Although it is obvious that the drafters wanted to exclude direct ownership of the referenced asset, "evidence of an interest in" certainly encompasses direct ownership, Matthew Stevens of Ernst & Young LLP noted. "I don't think they intended that," he said.

Indeed, most brokerage customers do not own their shares directly. Panelists wondered whether American depository receipts and shares restricted by section 83 would be considered derivatives. Many compensation schemes, like phantom shares, are derivatives. Section 83 allows the parties to defer recognition of compensation income.

The referenced asset need not be publicly traded, which shocked practitioners. Section 1256 hinges on public trading and regular marking for its mark-to-market requirement. Indeed, daily exchange marking of the contracts was the impetus for Congress to act. Section 1256 would be repealed, taking 60/40 treatment with it, and futures would be marked as wholly ordinary.

Perwien wondered aloud how marking could be enforced when the referenced asset is not traded. He satisfied himself that most derivatives are on something traded, so the dealer can make a market. But the draft statute clearly contemplates marking when there is no public market, Mark H. Leeds of Mayer Brown LLP noted. Because Accounting Standards Codification (ASC) Topic 815 requires all derivatives to be marked, the proposal makes a lot of sense for taxpayers who have generally accepted accounting principles financials, Perwien added.

Treasury has proposed regulations (REG-111283-11) broadening the definition of NPC to include credit default swaps and weather derivatives. Should those regulations be finalized? Walli responded that he was not worried about the differences between the proposed regulations and the draft because the Camp proposal is merely a discussion draft, not a polished product. The draft picks up Treasury's proposed payment rule.

Walli called the breadth of the proposals "an eye-opener." To him, the big takeaway, cutting through the linguistics, was putting all derivatives in the categories of marked contracts or proven hedges. Holders of weather derivatives may well be hedging anyway.

The panelists were unable to agree whether the weather is a specified index. The technical explanation of the Camp draft states that weather derivatives were intended to be excluded. But the draft itself states that a specified index does not have to be economic information, just any information the parties do not control.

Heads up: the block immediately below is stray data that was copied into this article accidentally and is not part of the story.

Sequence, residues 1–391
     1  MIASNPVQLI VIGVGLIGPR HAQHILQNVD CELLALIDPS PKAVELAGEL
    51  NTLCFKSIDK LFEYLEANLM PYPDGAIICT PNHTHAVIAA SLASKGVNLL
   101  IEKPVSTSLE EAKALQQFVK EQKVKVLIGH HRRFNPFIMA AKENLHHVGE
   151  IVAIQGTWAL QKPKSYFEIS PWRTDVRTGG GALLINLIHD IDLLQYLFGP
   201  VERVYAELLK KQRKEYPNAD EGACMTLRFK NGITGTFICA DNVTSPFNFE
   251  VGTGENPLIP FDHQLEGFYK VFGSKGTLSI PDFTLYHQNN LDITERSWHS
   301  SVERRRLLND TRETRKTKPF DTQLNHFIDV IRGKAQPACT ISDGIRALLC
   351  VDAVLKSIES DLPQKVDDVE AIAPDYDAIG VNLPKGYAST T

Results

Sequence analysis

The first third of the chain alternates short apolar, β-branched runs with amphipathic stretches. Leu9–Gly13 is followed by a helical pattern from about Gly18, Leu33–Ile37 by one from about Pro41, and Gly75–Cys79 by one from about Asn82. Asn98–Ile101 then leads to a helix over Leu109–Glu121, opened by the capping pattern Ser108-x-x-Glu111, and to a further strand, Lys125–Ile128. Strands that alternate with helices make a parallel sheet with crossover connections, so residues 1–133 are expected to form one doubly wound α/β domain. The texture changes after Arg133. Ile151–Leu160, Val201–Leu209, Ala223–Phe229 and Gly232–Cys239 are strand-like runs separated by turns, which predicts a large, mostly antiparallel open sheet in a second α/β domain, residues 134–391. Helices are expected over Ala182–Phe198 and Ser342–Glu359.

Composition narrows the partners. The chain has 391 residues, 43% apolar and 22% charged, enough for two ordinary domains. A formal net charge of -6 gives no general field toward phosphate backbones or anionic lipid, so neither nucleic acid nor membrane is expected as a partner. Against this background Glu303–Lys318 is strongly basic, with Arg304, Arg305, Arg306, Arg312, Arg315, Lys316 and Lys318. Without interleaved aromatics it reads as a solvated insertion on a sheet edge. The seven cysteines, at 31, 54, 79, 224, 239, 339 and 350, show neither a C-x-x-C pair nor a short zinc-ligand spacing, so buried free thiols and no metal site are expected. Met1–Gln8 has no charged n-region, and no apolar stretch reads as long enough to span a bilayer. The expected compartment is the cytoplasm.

The draft defines a specified index as any one or more of (or any combination of) a rate, price, or amount (whether fixed or variable); any index based on any information (including the occurrence or nonoccurrence of any event) that is not within the control of any of the parties to the instrument and is not unique to any of the parties' circumstances; and any other index as the Treasury secretary may prescribe.

Another concept in the draft, apparently inspired by ASC 815, is that of embedded derivatives, which would be defined as derivatives. The Camp draft would require that the derivative component of a debt be marked, while the rest of the debt would be left alone. Convertibles would be covered by proposed section 486(d)(2).

The mechanism for segregating and valuing the embedded derivative is awkward. Proposed section 485(e)(3) would require that both parts be marked. Then the derivative component would be valued at the difference between the value of the debt with the derivative and the value without it -- a residual. Valuation would be difficult if the debt were not traded.

Would issuers be affected? Eileen Marshall of Wilson Sonsini Goodrich & Rosati asked. Presumably not, according to David Garlock of E&Y. But if that question is not cleared up, the issuer could have original issue discount on the debt component. The draft should not be read as requiring real bifurcation, he argued.

Under current law, convertibles are left alone while contingent debt is subject to special rules. The Camp draft would reverse this by excluding contingent debt from the marking requirement. Panelists were baffled; most contingencies would seem to be derivatives because they refer to the value of assets.

Technically, a nonfunctional-currency-denominated loan in the hands of the holder or the borrower could be a derivative under the draft, because the currency aspect is a short position, Chip Harter of PricewaterhouseCoopers LLP explained.

But the draft states that a debt denominated in a nonfunctional currency or having payments determined by a nonfunctional currency would not be considered to have an embedded derivative. The drafters intended to treat these loans as not having embedded derivatives, which may be evidence of a further intent not to treat the whole loan as a derivative, Harter mused.

Over the years, many securities business practices have been accommodated by the tax law to prevent untoward recognition events. The Camp draft would upend all that by calling them derivatives. A short position or a securities loan would be a derivative because the customer has exchanged the physical for a contractual right.

"Suppose you don't know your broker lent out the shares? Another good reason not to use margin accounts," said Leeds.

"Economically, a securities lending transaction has always been a derivative," said Walli, who was amused. "Hello, people! This is your first derivative from back in the day. It's a radical transformation," he said.